Design helps shape our everyday interactions through products, furniture, objects, or experiences.

As Chief Product Officer, I lead our product team to create simple, intuitive user experiences.

Since the very beginning, we wanted to create an experience for our guests: more than just a place to sleep. We wanted to cook breakfast in the morning; we wanted to provide a subway map for our guests. Pick them up from the airport.

Every apartment I've ever lived in has had a space to make, create, and get stuff done within eyesight of my bed.

We expect Seoul to be one of our most important markets not only in Asia but around the world.

Starting a company in San Francisco when we did usually meant it was destined to be a data-driven tech company. But that didn't seem to fully encompass what we wanted with Airbnb. When we tried looking through a tech lens, it didn't work. The humanity was missing.

When we go city by city, country by country, the majority of our hosts, our owners, are simply renting out their spare bedroom.

I think Pixar's done an amazing job integrating art and science. They really get this idea that art and engineering work side by side.

To me, 'design thinking' is another way of saying empathize with the customer. It's consideration for the person you're designing for.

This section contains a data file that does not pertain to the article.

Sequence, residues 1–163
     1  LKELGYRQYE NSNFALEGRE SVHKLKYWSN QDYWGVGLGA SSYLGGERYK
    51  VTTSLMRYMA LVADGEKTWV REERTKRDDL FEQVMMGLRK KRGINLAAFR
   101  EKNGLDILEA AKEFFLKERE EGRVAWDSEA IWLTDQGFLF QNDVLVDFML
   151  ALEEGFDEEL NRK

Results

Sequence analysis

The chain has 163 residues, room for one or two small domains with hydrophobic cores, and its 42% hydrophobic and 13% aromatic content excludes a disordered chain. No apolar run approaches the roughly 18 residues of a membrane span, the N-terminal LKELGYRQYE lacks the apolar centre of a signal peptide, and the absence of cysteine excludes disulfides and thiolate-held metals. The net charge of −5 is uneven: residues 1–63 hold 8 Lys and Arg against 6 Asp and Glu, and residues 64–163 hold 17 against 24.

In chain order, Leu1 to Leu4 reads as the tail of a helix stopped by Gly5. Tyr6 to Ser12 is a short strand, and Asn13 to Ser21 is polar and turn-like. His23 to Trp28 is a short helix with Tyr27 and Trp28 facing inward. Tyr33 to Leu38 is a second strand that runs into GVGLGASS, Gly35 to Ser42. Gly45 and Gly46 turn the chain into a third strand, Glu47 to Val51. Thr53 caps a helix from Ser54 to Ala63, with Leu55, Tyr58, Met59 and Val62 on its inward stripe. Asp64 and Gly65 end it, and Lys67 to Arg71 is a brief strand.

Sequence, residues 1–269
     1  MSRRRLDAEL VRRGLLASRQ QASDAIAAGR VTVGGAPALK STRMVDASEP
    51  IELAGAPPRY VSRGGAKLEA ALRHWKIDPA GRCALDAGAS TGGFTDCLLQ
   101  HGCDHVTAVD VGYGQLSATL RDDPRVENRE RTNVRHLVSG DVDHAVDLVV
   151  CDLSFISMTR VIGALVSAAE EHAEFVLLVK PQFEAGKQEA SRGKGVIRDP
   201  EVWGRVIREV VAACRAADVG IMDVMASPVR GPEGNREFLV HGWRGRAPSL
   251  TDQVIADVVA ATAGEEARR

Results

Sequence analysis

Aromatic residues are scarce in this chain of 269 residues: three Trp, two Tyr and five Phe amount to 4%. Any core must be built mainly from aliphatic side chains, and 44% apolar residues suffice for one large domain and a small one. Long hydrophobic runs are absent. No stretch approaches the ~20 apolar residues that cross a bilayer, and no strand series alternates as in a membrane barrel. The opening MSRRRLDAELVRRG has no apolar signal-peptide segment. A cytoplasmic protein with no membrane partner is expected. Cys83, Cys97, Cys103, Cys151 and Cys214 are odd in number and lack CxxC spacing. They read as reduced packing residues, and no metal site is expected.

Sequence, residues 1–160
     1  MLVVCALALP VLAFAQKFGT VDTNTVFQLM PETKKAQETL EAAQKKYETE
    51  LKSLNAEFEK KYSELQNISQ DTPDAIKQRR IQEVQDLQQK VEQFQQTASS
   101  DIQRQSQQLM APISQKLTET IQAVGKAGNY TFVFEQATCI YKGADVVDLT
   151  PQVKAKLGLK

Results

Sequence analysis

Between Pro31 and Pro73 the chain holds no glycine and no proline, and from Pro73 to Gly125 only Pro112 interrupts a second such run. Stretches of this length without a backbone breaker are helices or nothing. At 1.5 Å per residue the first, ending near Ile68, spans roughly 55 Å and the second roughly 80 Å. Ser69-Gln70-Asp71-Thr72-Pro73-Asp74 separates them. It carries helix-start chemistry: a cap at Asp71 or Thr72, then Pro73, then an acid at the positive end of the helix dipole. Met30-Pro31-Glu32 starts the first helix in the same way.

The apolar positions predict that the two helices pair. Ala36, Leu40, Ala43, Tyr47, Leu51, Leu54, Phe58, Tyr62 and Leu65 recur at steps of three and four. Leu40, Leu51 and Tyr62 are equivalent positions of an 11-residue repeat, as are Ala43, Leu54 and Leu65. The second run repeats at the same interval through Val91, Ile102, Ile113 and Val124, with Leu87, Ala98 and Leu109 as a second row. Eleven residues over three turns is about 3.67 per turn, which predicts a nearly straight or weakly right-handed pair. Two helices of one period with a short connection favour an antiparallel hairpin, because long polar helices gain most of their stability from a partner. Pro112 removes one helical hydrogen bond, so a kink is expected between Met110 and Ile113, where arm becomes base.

In art school, you learn that design is much more than the look and feel of something - it's the whole experience.

Everything at Airbnb is a continuation of what it's like to be a guest in somebody's house. We think about how each stage makes people feel.

The fear of mistakes is the fast track to irrelevance.

For an international business such as ours, you can't localise without a local. That was a hard lesson for us. We had to be closer, physically present, which is when we put teams on the ground.

We built a basic website, and Air Bed and Breakfast was born. Three lucky guests got to stay on a $20 airbed on the hardwood floor. But they loved it. And so did we. We took them on adventures around the city.

From natural disasters to the refugee crises, the impact we can have as individuals might seem limited. But as many of our hosts know, sharing your home for even a few nights can make a tremendous difference in someone's life.